During Game #3 of Round #1 in the post-season NBA playoffs, Blake Griffin injured his big toe while doing a layup. It has been noted that he suffered a plantar plate injury and will be out for the rest of the season (5). His treatment has not been determined, or made public, yet, but it looks like the forward may be out for several weeks.
What Is the Plantar Plate?
The plantar plate is a ligament (soft tissue structure) that connects the metatarsal head to the proximal phalanx (toe bone). It is part of the big toe joint capsular ligamentous complex that must withstand up to eight times one’s body weight with high-impact activities, such as a running jump (3).
How Does the Plantar Plate Get Injured?
When the toe is hyperextended, the plantar plate is at risk for injury, which may include straining, tearing, or rupturing of the ligament. You can think of the injury as being a severe case of turf toe. In the case of Griffin, the plantar plate was likely injured as he went up for the layup and his foot was in a plantar-flexed position while the big toe hyperextended.
How to Diagnose a Plantar Plate Injury?
Diagnosing a plantar plate injury is multifaceted and should include a very detailed clinical exam, as well as imaging studies.
Clinical exam – Pain and/or bruising is likely to be around the big toe joine. If the plantar plate is completely ruptured, the toe may have an obvious deformity (or be dislocated). Active and passive range of motion around the joint is important to check, in addition to evaluating the strength of the two tendons running under the big toe (flexor hallucis longus and flexor hallucis brevis). The patient may have weakness bending their toe down or may have pain with resisting the same motion (2). The Lachman test can also be done, which tests for stability of the joint (2,3).
Imaging – X-rays are usually the first thing ordered to rule out a fracture. It is good to take bilateral foot films to be able to compare the feet to one another, especially when looking at the position of the sesamoids (two small bones under the 1st metatarsal head), as they can retract with plantar plate injuries (see picture at right). A stress x-ray (or fluoroscopy) can also be used to check sesamoid migration (2,3).
Since the plantar plate is soft tissue, though, radiographs will not show the actual plantar plate; therefore, an MRI can then be ordered to visualize the plantar plate, as well as to evaluate the extent of the injury.
Many things need to be taken into consideration when treating plantar plate injuries, including the timing of the injury, the severity (based on clinical exam and imaging modalities), as well as the age and activity level of the patient.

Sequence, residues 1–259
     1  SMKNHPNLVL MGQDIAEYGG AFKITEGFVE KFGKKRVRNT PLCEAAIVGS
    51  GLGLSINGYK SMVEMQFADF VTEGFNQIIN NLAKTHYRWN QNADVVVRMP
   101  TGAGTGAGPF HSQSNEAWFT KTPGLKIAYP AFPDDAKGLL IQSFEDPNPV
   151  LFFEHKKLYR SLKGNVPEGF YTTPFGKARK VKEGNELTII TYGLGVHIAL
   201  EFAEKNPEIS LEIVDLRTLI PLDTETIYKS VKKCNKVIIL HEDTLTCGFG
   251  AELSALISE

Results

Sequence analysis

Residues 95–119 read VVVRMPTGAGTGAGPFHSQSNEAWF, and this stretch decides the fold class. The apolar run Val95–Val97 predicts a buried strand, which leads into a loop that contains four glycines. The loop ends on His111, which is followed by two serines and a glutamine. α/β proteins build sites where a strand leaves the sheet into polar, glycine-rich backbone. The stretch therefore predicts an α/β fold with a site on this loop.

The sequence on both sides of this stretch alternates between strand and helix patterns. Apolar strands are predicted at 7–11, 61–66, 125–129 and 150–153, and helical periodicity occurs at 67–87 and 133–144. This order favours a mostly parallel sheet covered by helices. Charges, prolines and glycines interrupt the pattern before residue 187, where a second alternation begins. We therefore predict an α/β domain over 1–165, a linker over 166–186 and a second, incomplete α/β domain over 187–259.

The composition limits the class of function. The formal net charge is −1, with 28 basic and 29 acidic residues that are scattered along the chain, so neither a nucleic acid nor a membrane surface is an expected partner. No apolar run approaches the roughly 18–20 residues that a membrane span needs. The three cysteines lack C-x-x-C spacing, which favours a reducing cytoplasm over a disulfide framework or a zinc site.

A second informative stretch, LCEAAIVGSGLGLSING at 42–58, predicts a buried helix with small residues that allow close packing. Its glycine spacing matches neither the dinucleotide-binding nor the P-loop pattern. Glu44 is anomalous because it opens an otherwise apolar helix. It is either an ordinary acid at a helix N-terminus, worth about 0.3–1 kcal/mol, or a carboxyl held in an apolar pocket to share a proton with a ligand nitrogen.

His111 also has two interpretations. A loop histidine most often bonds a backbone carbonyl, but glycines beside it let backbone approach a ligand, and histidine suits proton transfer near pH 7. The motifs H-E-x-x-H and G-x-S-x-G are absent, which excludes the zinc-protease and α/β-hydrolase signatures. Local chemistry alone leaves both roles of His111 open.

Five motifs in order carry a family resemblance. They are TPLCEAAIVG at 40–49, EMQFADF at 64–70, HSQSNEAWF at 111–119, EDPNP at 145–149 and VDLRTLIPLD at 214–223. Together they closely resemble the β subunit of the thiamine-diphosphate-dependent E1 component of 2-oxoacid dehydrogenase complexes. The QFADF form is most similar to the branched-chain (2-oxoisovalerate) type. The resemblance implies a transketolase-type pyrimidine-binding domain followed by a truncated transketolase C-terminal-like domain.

Conservative care – Conservative treatment is typically done for less severe cases. The typical RICE protocol can be initiated to help with pain and swelling (4). If the plantar plate is weakened from the injury, the toe may be taped down to allow for ligament reapproximation and to inhibit the toe from elevating with ambulation. In more severe cases, immobilization in a walking boot or cast may be necessary. Return to activity will be largely determined by the grade, or extent, of the injury (3,4).
Surgical treatment – In specific circumstances, surgery may be warranted in order to restore normal anatomy and improve function of the big toe (4). The plantar plate and ligamentous complex can be directly repaired surgically with the use of suture. If there is noted to be further injury or damage around the area, that can also be corrected for at that time.
Oftentimes, when it comes to elite athletes, surgical treatment is preferred because, by putting internal hardware in the foot, or in this case, reinforcing the ligament with suture, it typically allows them to bear weight and rehab sooner. If not treated appropriately, though, chronic deformity, pain, and push-off weakness may result (1). Despite what the treatment decision is with Griffin, it could be 3 months, or longer, before he is allowed to return to activities.
Disclaimer: The above information is meant for educational purposes only and should not be construed as medical advice. Should you have questions or concerns about your health, consult your own healthcare professional.
1. Anderson, R. B. (2002). Turf toe injuries of the hallux metatarsophalangeal joint. Techniques in Foot & Ankle Surgery, 1(2), 102-111.
2. Drakos, M. C., Fiore, R., Murphy, C., & DiGiovanni, C. W. (2015). Plantar-Plate Disruptions:“The Severe Turf-Toe Injury.” Three Cases in Contact Athletes. Journal of athletic training, 50(5), 553-560.
3. McCormick, J. J., & Anderson, R. B. (2009). The great toe: failed turf toe, chronic turf toe, and complicated sesamoid injuries. Foot and ankle clinics, 14(2), 135-150.
4. McCormick, J. J., & Anderson, R. B. (2010). Turf toe: anatomy, diagnosis, and treatment. Sports Health, 2(6), 487-494.
5. Turner, B. ( 2017, Apr 25). Clippers' Blake Griffin sees foot specialist for right toe injury. Retrieved from http://www.latimes.com/sports/clippers/la-sp-clippers-report-20170425-story.html.